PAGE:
One of my sources, a scientist at the Annis Water Resources Institute in Muskegon, Mich., recently chided me for writing about the Great Lakes from the middle of Michigan here in East Lansing. How could we properly relate to the Lakes when we are so far away, he wondered.
It got me thinking. Does he have point?
The Great Lakes Echo is hardly on the beach. According to Daft Logic’s handy Google Maps distance calculator, the Echo newsroom is 71 miles from Lake Huron, 82 miles from Lake Erie, 88 miles from Lake Michigan, 236 miles from Lake Ontario and 258 miles from Lake Superior as the crow flies. And as long we we’re being honest, in the six years I’ve lived here, I’ve only been to two of the Great Lakes.
But do you have to be on a Lake to feel connected to it? They influence state policies, provide research opportunities for our universities, influence our weather patterns, draw tourists and their cash, and make this region of North America just a little more unique. I don’t have to be on the beach to remember that I’m surrounded by massive freshwater seas.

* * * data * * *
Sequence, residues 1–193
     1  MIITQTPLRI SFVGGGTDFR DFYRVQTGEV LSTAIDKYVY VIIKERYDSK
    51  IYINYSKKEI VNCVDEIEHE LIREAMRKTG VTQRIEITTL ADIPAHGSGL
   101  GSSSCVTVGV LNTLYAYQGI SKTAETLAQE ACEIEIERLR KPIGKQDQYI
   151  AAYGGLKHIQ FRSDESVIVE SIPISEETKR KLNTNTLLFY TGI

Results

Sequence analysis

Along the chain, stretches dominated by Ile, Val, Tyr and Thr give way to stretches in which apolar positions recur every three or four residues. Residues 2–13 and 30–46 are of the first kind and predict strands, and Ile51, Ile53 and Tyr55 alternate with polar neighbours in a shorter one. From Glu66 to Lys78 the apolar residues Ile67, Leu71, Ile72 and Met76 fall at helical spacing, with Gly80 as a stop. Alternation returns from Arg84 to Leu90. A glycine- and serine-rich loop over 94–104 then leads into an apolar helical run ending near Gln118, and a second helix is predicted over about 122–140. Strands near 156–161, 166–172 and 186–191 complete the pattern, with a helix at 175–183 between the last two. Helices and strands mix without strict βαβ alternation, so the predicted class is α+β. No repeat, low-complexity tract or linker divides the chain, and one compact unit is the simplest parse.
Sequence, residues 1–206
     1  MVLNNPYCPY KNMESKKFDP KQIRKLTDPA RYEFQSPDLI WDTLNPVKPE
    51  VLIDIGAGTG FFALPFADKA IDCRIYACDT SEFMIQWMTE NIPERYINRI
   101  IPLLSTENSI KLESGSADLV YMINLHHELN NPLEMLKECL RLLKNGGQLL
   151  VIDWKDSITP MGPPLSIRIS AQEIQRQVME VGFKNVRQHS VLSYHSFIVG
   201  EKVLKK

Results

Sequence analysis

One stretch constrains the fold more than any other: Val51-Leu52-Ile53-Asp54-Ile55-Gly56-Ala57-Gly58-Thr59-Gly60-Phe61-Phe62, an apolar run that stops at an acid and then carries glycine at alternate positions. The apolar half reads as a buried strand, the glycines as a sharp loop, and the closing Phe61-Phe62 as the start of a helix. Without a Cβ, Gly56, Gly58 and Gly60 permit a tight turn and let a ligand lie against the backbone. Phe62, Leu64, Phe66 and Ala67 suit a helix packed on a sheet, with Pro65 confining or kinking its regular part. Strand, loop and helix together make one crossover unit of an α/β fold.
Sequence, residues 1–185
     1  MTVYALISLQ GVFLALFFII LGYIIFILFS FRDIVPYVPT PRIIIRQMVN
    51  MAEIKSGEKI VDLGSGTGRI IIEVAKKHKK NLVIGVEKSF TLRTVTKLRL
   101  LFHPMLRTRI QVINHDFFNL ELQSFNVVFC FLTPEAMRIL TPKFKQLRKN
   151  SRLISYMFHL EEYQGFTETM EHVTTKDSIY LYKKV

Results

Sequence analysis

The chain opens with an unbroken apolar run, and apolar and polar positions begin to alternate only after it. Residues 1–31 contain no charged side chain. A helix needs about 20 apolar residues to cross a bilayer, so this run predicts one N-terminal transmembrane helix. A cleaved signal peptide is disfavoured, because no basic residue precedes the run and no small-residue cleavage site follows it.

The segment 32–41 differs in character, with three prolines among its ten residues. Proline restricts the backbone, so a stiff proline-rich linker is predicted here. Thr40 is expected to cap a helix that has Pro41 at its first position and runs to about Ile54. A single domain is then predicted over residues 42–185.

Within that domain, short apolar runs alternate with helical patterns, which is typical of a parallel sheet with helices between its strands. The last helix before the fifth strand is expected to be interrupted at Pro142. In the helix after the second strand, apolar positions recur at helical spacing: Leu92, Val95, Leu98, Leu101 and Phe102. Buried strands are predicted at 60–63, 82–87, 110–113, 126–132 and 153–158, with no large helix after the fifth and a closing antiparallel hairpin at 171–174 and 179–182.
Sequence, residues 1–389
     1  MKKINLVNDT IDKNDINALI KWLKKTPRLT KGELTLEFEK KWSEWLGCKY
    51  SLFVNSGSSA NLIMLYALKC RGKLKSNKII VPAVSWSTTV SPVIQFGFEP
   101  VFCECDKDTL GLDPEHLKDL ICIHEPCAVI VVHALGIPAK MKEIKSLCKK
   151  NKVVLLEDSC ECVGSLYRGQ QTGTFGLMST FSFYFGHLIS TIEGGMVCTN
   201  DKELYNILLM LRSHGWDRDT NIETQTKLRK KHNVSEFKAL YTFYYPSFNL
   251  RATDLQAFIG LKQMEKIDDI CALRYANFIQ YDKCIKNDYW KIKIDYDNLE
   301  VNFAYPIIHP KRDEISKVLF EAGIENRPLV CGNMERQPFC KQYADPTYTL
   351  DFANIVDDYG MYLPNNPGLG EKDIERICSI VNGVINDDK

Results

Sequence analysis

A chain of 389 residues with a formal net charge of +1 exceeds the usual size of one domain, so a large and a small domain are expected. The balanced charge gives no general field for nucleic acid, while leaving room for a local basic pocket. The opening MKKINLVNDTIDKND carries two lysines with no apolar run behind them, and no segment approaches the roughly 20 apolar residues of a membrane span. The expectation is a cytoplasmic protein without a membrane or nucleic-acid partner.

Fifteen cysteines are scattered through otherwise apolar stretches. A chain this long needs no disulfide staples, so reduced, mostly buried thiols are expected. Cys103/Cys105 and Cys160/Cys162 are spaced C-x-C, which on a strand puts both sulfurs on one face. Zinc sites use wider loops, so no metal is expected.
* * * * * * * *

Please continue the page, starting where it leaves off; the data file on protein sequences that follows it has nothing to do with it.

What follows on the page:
But Michigan is unique. We have more Great Lake shoreline than any other state. How connected do the folks in Indiana feel to their tip of Lake Michigan? What about Minnesota, with a side-swipe of Lake Superior? Or Pennsylvania, the state with the least amount of Lake shoreline? We’re all in the same basin, we share invasive species and federal policies, but does everyone feel a connection to the Lakes?
Should we be writing about the Lakes when we can’t see one out the window?